Title:
Molten glass dropping nozzle, molded glass product manufacturing method and molded glass product manufacturing apparatus
Kind Code:
A1


Abstract:
A molten glass dropping nozzle including: a molten glass flow path therein for flowing molten glass; and a plurality of openings of the flow path, the plurality of openings being provided on a front end of the molten glass dropping nozzle, wherein the molten glass flowing out of the plurality of openings is stored in the front end and falls as one molten glass drop.



Inventors:
Tomisaka, Toshiya (Osaka, JP)
Application Number:
12/154252
Publication Date:
09/10/2009
Filing Date:
05/21/2008
Assignee:
KONICA MINOLTA OPTO, INC.
Primary Class:
Other Classes:
65/142
International Classes:
C03B19/10; C03B19/00
View Patent Images:



Primary Examiner:
HERRING, LISA L
Attorney, Agent or Firm:
BGL (CHICAGO, IL, US)
Claims:
What is claimed is:

1. A molten glass dropping nozzle comprising: a molten glass flow path therein for flowing molten glass; and a plurality of openings of the flow path, the plurality of openings being provided on a front end of the molten glass dropping nozzle, wherein the molten glass flowing out of the plurality of openings is stored in the front end and falls as one molten glass drop.

2. The molten glass dropping nozzle according to claim 1, wherein an outer diameter of the front end is in a range of 15 mm to 30 mm.

3. The molten glass dropping nozzle according to claim 1, wherein the flow path comprises a tapered section wherein a diameter of the tapered section continuously increases with approaching closer to the openings.

4. The molten glass dropping nozzle according to claim 2, wherein the flow path comprises a tapered section wherein a diameter of the tapered section continuously increases with approaching closer to the openings.

5. A molded glass product manufacturing method comprising the steps of: dropping a molten glass drop from a molten glass dropping nozzle and supplying the molten drop to a lower die wherein the molten glass dropping nozzle is the molten glass dropping nozzle of claim 1 and the molten glass drop is supplied to the lower die; and molding the supplied molten glass drop under pressure by use of a molding die including the lower die and an upper die, wherein the molten glass comes out of the plurality of openings, is merged at the front end and forms one large molten glass drop.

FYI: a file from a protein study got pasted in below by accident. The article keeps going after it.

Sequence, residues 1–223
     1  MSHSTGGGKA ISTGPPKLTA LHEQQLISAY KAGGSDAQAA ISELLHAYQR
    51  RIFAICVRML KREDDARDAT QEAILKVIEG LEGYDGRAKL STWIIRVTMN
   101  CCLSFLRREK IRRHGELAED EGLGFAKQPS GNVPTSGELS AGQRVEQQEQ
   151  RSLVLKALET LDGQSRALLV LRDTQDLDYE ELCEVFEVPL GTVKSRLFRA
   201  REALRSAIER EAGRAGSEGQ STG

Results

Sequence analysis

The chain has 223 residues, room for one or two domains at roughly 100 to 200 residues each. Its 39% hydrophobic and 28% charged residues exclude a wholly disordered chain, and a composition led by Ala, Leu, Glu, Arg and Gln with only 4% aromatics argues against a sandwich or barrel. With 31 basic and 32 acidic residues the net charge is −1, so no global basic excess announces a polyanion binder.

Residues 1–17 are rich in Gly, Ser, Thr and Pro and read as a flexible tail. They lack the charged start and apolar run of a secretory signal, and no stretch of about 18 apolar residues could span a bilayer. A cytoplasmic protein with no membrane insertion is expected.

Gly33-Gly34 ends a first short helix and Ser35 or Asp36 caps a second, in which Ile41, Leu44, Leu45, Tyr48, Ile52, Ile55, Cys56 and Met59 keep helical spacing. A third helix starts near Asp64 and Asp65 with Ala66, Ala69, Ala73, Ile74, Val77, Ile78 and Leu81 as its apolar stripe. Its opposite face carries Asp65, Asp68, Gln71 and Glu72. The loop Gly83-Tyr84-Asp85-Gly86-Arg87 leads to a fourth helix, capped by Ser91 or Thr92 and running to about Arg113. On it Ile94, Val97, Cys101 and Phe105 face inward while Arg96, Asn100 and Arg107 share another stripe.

6. The molded glass product manufacturing method according to claim 5, wherein the molten glass drop separates from the nozzle and thereafter drops on the lower die.

7. The molded glass product manufacturing method according to claim 5, wherein dropping step includes; retaining molten glass equivalent to a plurality of drops in the lower die without separating the nozzle and molten glass drop from each other, by placing the lower die close to the front end of the nozzle under a condition that the molten glass drop falls from the front end of the nozzle at a predetermined interval.

8. A mold product manufacturing apparatus comprising: the molten glass dropping nozzle according to claim 1 for dropping a molten glass drop from the front end thereof; and a molding die for molding the fallen molten glass drop under pressure.

Description:

RELATED APPLICATION

This application is based on Japanese Patent Application No. 2007-144922 filed on May 31, 2007 in Japan Patent Office, the entire content of which is hereby Incorporated by reference.

TECHNICAL FIELD

The present invention relates to a molten glass dropping nozzle capable of allowing a molten glass drop to fall from the front end thereof, and a molded glass product manufacturing method and manufacturing apparatus using the aforementioned molten glass dropping nozzle.

BACKGROUND OF THE INVENTION

In recent years, there has been an increasing use of a glass-made optical element over an extensive range as a lens for digital camera, optical pickup lens for DVD and others, camera lens for mobile phones, coupling lens for optical communications, various types of mirrors and others.

In this connection, a molded glass product manufactured by press molding of a glass material with a molding die has come into more frequent use as the aforementioned glass-made optical element.

Various techniques have been proposed to manufacture the molded glass product to be used as an optical element. One of these techniques is the method of dropping the molten glass drop from a molten glass dropping nozzle to manufacture a molded glass product by direct press molding the molten glass drop using a molding die. This method is characterized by a high degree of productivity in principle, and is therefore attracting attention and is being studied with greater enthusiasm.